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C++ for Dummies (1994): Let’s Start

Stephen R. Davis, C++ for Dummies (IDG, 1994)

[originally posted 24Jan2002]

C++ for Dummies has the same layout as every other For Dummies book.

Yellow and black, the universal colors of For Dummies books, school buses, and the Dennis Kucinich campaign.
photo credit: Amazon

One of the main problems (from my perspective) with the vast majority of C++ books on the market is that they’re written for C programmers who want to migrate. What’s a person to do who knows very little about C and wants to learn C++? The obvious answer is that he gets on an insanely steep learning curve, unless he wants to go back and learn C before tackling the plethora of C++ how-to- books on the market.

Davis’ book is no exception, despite being from the much-vaunted (by everyone except the programming community) for Dummies line of books. To be fair, the cover does say that the book’s perfect for C programmers who want to learn C++. And it would be hard to fault a 1994 book for not taking Windows programming into account, another common failing of C++ manuals (if you want Windows programming, you either get a platform-specific book [and most commercial C++ programming platforms hide the Windows programming internals] or you’re stuck with the unintelligible reference books from Microsoft itself). So my two main complaints with the book are really not complaints I can complain about in great detail.

That doesn’t make the book perfect. One of the common complaints about the for Dummies books relating to C++ is that the authors of those books tend to ignore the ANSI standard for C++ (Michael Hyman actually touches on some of the more egregious discrepancies in Visual C++2 for Dummies and gives the justification the authors used, but that doesn’t make it any less annoying for those who like to see good code), leading to legions of coders who believe that ‘void main()’ is a perfectly acceptable statement. At the very least, if you’re going to use the for Dummies books on C++, find a resource that lists out the discrepancies (or that’s closer to the standard, e.g. the comp.lang.c++ FAQ or Bruce Eckel’s Thinking in C++ books) and make the changes in your copy of the book when you find them. Your co-workers will thank you.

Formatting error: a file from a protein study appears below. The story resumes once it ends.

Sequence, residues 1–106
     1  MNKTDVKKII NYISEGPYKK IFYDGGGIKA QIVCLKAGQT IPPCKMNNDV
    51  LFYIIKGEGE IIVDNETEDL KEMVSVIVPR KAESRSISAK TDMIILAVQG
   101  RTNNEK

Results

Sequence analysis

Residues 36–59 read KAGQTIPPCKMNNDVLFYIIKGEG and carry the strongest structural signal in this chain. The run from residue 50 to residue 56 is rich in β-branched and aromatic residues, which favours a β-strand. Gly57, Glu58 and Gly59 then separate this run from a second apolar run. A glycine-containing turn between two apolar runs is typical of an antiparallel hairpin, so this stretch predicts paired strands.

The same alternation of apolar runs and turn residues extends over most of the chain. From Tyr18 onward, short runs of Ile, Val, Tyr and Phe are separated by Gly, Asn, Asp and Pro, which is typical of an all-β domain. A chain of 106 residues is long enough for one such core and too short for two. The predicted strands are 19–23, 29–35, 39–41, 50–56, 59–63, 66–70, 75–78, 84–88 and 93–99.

All that said, C++ for Dummies was my first major C++ reference after one comp sci course that touched on C back in my college days, and despite that learning curve, it did give me enough of a basis in C++ that after two or three re-reads I’d pretty much figured out most of what Davis was on about. Eight years on, it’s hard to separate what he should have taken more time to cover with what wasn’t standardized yet, but I think I’m pretty safe in faulting him for not taking a lot more time covering templates, and I know that I’ve read a number of descriptions of pointers that make a whole lot more sense. As any C++ programmer will tell you, the proficiency of his colleagues lives and dies with an understanding of pointers. This particular book took a lot more re-reads and a lot of outside references before I figured out pointers, and I’m still not completely comfortable with them.

I should point out a few of the good things about the book, if only to justify the rating I’m giving it, shouldn’t I? Despite the whole ANSI standard controversy mentioned earlier, Davis does give us some excellent rudimentary tools many programmers would be wise to adopt (most notably the signature fields he introduces towards the end of the book, which are wonderful tools for figuring out pointer errors). The concept has been built upon and done better since, but for its time it was an excellent concept, and it’s much easier for the beginner to handle than some of the more complex run-time error-checking routines that have appeared since. Signature fields alone may be worth the price of admission for the beginning user.

In short, there’s definitely a decent skeleton here, but it could use (and may have gotten after eight years) a lot of work. ** ½

About Robert "Goat" Beveridge

Media critic (amateur, semi-pro, and for one brief shining moment in 2000 pro) since 1986. Guy behind noise/powerelectronics band XTerminal (after many small stints in jazz, rock, and metal bands). Known for being tactless but honest.

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